change one's mind
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British pronunciation/tʃˈeɪndʒ wˈɒnz mˈaɪnd/
American pronunciation/tʃˈeɪndʒ wˈʌnz mˈaɪnd/
01

to change one's opinion or decision regarding something

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to [change] {one's} mind definition and meaning

What is the origin of the idiom "change one's mind" and when to use it?

The origin of the idiom "change one's mind" can be attributed to Old English and Middle English usage, specifically the word "mynd" in Old English and "mind" in Middle English. The term "mind" in this context referred to one's thoughts, intellect, or mental processes. The concept of changing one's mind has been a part of human language and communication for centuries, reflecting the inherent flexibility and adaptability of human cognition. This phrase is used in various contexts and occasions to describe situations where individuals alter their opinions, decisions, or beliefs. It can be employed in personal, social, or professional settings.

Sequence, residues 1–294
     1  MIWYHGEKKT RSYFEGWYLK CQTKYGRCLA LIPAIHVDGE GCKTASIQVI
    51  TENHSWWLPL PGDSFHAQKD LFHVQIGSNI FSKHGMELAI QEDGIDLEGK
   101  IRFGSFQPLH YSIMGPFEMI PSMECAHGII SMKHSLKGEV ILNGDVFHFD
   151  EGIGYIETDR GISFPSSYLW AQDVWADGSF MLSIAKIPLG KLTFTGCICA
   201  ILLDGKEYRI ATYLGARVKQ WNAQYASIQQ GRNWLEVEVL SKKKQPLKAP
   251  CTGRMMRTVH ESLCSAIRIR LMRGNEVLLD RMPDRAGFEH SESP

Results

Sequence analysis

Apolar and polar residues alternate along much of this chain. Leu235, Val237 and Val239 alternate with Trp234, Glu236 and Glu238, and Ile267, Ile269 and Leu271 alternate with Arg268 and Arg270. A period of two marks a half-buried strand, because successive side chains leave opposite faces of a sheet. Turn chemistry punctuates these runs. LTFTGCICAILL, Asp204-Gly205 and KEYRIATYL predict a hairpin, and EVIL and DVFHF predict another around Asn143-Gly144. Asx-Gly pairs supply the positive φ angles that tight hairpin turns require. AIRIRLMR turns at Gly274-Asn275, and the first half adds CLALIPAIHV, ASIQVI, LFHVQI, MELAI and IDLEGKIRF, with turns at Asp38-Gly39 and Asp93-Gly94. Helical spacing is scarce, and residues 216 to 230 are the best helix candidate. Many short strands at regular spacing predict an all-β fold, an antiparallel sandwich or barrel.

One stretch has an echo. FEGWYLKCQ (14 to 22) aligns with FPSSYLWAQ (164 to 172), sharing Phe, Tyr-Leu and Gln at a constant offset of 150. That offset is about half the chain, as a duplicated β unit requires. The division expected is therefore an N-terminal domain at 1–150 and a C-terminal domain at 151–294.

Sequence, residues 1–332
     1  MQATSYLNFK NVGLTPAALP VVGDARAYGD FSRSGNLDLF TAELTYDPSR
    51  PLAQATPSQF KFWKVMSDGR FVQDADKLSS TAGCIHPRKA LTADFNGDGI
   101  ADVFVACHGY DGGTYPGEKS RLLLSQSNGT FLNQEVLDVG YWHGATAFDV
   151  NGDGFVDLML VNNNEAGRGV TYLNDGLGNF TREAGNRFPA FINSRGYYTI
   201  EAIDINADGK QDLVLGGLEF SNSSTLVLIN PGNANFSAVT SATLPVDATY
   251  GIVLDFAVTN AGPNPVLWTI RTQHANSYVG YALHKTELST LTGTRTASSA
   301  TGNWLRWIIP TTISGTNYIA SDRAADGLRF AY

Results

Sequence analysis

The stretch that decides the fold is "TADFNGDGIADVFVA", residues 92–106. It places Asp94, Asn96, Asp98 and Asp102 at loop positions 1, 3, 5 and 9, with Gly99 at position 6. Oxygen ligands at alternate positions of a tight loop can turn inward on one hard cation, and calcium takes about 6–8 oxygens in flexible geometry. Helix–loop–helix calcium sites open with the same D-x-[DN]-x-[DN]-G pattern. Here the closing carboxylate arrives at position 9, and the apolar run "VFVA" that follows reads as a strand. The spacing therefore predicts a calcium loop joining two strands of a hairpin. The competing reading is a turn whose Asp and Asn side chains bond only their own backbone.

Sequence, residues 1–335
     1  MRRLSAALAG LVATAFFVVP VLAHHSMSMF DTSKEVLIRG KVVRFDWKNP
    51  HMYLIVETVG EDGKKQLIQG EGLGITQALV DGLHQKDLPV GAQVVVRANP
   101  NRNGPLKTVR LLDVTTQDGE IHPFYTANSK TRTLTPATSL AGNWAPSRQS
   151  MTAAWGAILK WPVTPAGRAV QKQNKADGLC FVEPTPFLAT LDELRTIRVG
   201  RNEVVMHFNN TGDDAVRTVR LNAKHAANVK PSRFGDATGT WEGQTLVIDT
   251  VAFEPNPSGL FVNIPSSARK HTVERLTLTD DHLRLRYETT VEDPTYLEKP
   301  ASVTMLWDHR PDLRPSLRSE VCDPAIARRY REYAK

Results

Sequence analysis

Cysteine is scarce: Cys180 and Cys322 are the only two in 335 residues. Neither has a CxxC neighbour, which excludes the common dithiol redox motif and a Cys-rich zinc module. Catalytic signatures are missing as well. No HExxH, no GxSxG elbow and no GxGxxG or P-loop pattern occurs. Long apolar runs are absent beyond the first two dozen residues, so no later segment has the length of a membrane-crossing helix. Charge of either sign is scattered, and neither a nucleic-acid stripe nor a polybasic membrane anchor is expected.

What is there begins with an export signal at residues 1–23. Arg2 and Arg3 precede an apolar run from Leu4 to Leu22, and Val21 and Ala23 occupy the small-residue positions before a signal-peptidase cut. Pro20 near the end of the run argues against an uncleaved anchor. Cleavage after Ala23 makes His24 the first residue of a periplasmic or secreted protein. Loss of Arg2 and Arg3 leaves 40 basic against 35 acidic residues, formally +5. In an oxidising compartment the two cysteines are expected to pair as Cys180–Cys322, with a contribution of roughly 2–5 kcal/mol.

02

to make someone change their opinion, belief, etc. on a particular matter

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He wasn't going to come, but at the last minute he changed his mind.
but I've changed my mind.
Trying to convince him to change his mind is like trying to milk a bull - it's just not going to happen.
You never know, she might change her mind.
Trying to convince the stubborn client to change their mind is like whistling in the wind - it's unlikely to have any effect.
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Meaning of "To [change] {one's} mind"
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